Courtesy José Miguel SerranoA few years ago, some close friends called with the grim and heartbreaking news that their 21 year-old daughter had committed suicide. My first reaction was anger. Why would she do something like that? How could she cause such heartache for her family and friends? I knew she had been battling with the eating disorder known as anorexia nervosa since high school, but as it turns out I was totally oblivious to the magnitude of her disease. I knew nothing of the agony she had suffered or the struggle her family had gone through dealing with it. But it all became clear once she gave up hope and decided not to fight it anymore. At her funeral, memorial posters included shocking photographs of her decimated person wasting away in the throes of her disease. And in the weeks following, when my friends would relate stories of their desperate efforts to get their daughter to take in nourishment, or their exasperating attempts to get her back into treatment, or the hardships of just taking care of her in their own home, it became all too obvious that in her last years their poor daughter had led a very tortured and depressing struggle against herself.
But that’s how devastating anorexia nervosa can be. It’s an extremely puzzling and potentially deadly eating disorder characterized by a distorted body image, self-starvation, and excessive weight loss. One researcher described it as the body digesting its own nervous system. Nine out of ten of those diagnosed with the disease are female, and while it’s long been considered a white, suburban disorder, it’s now recognized that it can occur across all social and economic barriers. Incidents of the disease have risen since the 1950s, and some researchers blame the rise on the heavy cultural emphasis of beauty defined by flawless and very thin models.
But new research ties the troubling disorder to prenatal genetics and disrupted brain chemistry.
In the first study, it appears sex steroid hormones released by the mother into the womb during pregnancy could set up the female fetus for anorexia later in life. Researchers reached this conclusion after studying data from thousands of twins born in Sweden between 1935 and 1958. When comparing sets of female twins against sets of male twins, the females were statistically more likely to develop anorexia than the males, just as expected. However, with mixed-sex twins, the male was as likely to become anorexic as the female. This signaled to scientists that more than likely the triggering mechanism had to do with something taking place during pregnancy.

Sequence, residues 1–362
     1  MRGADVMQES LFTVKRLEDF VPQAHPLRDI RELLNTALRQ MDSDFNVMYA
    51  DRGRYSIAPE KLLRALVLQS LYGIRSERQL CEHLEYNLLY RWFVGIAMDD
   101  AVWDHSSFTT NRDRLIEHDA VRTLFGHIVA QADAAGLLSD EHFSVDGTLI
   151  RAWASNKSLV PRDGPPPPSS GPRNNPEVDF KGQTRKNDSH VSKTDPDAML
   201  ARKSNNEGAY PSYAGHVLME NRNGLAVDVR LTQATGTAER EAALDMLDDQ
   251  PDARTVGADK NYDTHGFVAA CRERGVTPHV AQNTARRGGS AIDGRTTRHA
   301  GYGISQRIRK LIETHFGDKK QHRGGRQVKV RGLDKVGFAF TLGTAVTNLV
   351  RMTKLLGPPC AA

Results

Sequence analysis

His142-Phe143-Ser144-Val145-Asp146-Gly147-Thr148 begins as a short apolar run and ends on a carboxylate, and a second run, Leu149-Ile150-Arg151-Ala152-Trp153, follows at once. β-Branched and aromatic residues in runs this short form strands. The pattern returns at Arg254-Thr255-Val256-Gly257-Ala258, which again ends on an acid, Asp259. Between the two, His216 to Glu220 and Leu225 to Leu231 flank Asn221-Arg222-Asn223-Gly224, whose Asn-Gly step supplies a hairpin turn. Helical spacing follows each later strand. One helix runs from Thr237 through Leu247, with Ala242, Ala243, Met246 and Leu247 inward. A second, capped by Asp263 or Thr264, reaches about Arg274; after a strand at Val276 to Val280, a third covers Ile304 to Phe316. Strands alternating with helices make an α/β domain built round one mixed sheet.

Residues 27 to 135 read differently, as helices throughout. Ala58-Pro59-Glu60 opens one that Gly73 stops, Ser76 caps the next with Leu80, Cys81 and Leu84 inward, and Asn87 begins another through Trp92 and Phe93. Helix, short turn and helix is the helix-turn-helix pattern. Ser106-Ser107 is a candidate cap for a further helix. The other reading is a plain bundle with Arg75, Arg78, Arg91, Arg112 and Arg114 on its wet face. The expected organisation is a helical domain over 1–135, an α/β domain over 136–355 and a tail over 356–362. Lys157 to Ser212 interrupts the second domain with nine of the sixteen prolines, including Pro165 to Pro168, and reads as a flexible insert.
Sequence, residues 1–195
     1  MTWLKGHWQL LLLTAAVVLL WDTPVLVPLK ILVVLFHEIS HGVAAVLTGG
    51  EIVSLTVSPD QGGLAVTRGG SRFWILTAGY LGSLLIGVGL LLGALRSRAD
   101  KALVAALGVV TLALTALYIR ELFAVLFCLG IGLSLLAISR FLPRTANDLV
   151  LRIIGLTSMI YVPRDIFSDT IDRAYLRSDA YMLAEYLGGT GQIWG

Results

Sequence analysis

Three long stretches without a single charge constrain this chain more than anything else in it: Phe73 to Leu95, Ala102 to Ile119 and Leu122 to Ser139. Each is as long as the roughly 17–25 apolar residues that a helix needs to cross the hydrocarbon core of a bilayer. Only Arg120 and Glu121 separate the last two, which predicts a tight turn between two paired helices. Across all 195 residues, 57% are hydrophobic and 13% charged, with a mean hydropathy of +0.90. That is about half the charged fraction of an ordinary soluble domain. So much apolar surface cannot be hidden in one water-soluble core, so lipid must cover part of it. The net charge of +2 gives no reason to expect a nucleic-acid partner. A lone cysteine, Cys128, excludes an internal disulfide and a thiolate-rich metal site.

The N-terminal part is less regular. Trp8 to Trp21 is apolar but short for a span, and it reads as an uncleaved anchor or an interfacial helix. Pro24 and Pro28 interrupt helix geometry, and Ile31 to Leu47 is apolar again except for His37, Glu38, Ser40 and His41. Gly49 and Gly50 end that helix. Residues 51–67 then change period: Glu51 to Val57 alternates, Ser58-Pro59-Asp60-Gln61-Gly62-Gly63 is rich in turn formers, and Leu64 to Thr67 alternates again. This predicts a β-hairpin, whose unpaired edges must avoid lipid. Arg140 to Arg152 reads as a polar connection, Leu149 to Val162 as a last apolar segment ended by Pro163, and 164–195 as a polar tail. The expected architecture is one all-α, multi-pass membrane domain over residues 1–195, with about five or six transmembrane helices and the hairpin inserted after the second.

The second study, which was done by University of Pittsburg researchers, tested both anorexic and healthy patients while monitoring their brains with a magnetic resonance imaging device, Those subjects suffering from anorexia – and even those who were recovering from it - displayed unusual patterns of activity in regions of the brain associated with anxiety and perfectionism. Test questions were given and correct answers were rewarded. In the healthy women, the activity in the brain’s emotion-response center showed distinct differences when they won compared to when they lost. But the women with a history of anorexia showed very little emotional response no matter which way they answered.
Dr. Walter Kaye, the study’s head author, thinks this could affect how a person suffering from anorexia experiences the normally positive responses derived from eating food.
“For anorexics, then, perhaps it is difficult to appreciate immediate pleasure if it does not feel much different from a negative experience”, he said.
The study’s findings appeared in the American Journal of Psychiatry and could lead to new developments in fighting the disorder.
Since their daughter’s death, my friends have worked tirelessly to raise awareness of anorexia nervosa and other eating disorders, including establishing a treatment center in their daughter's name. And as that awareness grows, a tremendous amount of information has become available for anyone looking for answers and help.
Finally, the National Eating Disorders Awareness Week takes place from February 24 - March 1, 2008. If interested in participating you can learn more about it and register here.
Eating Disorder and Referral Information Center
National Association of Anorexia Nervosa and Associated Disorders
More Anorexia info
Anna Westin Foundation
More Links on Squidoo Health
Karen Carpenter's struggle with Anorexia